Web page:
Crime & Justice, Headlines, Human Rights, Latin America & the Caribbean

Fighting Violence with Death in Guatemala

Danilo Valladares

GUATEMALA CITY, Nov 1 2010 (IPS) - As the movement for the abolition of the death penalty gains ground worldwide, Guatemala is seeking to reintroduce capital punishment, which has been in legal limbo since 2000. Congress has already approved a law paving the way for the execution of 41 death row inmates.

“The law is the law, and whether it is a deterrent or not, as long as it is in effect it must be enforced,” Anabella de León, a lawmaker belonging to the rightwing Patriot Party (PP), told IPS. “Personally I am in favour of human rights, including life, but the lives of honest people, not of someone who has no scruples about taking the life of another.”

On Oct. 5, five days before the celebration of World Day Against the Death Penalty, the legislature passed a law reinstating the death penalty, as well as the power of the Guatemalan president to grant or deny pardon to inmates condemned to death by lethal injection.

This complies with article 4, item 6 of the American Convention on Human Rights, ratified by Guatemala, which stipulates that any person condemned to death has the right to appeal for amnesty, pardon or commutation of the sentence, which cannot be carried out while the prisoner’s appeal is pending.

The law will come into effect Jan. 15, 2012, when the government voted in at the September 2011 general elections takes office in this Central American country of 14 million people.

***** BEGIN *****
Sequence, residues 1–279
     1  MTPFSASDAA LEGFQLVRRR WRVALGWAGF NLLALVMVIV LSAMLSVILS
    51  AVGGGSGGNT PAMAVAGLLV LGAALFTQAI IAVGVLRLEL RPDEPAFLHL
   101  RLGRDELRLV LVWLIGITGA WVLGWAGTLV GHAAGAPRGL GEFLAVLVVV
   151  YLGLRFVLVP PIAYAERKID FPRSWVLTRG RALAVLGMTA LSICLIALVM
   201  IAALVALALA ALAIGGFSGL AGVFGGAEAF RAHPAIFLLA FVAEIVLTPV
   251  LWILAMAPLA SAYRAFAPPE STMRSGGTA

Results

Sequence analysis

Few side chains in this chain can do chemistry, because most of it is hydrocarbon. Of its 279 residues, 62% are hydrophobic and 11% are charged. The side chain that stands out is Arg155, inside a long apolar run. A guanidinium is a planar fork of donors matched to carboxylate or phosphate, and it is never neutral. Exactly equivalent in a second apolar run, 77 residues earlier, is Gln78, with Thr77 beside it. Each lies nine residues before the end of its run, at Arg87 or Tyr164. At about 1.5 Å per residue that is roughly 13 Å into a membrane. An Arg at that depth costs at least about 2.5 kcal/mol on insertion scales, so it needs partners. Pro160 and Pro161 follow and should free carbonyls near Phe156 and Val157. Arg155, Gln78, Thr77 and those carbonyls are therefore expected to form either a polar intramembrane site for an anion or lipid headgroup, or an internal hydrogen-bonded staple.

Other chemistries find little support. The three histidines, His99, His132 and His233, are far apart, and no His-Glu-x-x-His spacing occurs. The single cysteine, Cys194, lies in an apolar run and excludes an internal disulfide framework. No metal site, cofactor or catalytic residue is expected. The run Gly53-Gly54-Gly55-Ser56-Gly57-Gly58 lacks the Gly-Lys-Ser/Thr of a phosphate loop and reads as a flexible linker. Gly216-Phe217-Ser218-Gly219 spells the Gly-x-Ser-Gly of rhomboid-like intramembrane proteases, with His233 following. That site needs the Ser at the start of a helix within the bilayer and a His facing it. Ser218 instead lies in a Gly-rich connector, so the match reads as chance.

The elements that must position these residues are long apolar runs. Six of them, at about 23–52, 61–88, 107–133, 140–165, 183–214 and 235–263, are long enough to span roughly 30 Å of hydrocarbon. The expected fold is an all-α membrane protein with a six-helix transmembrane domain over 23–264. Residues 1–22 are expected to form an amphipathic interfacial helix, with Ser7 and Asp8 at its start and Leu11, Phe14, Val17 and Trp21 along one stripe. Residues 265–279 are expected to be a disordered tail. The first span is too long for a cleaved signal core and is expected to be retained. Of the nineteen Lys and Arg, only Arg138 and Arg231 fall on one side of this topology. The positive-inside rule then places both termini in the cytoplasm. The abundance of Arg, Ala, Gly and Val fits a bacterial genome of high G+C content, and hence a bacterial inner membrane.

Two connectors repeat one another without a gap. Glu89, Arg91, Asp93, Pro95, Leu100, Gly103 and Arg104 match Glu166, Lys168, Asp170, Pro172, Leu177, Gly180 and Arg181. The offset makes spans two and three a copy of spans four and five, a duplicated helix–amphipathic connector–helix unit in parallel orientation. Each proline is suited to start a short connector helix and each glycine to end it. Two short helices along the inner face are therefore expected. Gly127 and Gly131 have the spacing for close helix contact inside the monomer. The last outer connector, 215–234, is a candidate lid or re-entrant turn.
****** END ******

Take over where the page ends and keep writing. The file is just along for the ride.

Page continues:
At present, 41 people are under sentence of death in Guatemala for crimes like kidnapping, extrajudicial execution and murder. The last to be executed under the death penalty were two people in 1996 who were shot by firing squad, and one in 1998 and two more in 2000, executed by lethal injection.


Capital punishment has not been used in Guatemala since 2000, when under the administration of President Alfonso Portillo (2000-2004), Congress repealed the law that allowed death row inmates to appeal for a presidential pardon.

Incumbent President Álvaro Colom, a social democrat, vetoed a 2008 law bringing back the appeal for presidential pardon, on the grounds that the president should not interfere in a judicial process.

Colom has announced he will also veto the new law that paves the way for the reinstatement of the death penalty. However, the single-chamber legislature can overrule a presidential veto if two-thirds of its 158 members vote for the law. The governing National Union for Hope (UNE) party has only 41 lawmakers.

Opposition parties like the PP and the conservative Renewed Democratic Freedom (LÍDER) have promised to reinstate the death penalty, in their electoral campaigns.

“Not enforcing the death penalty contributes to the generalised impunity in Guatemala, and to higher levels of crime and violence. That is why we are in favour of it, on condition that all legal appeals have been exhausted,” said de León.

Guatemala, Cuba and the United States are the only countries in the Americas that retain the death penalty on their statute books, although Cuba has not applied it since 2003.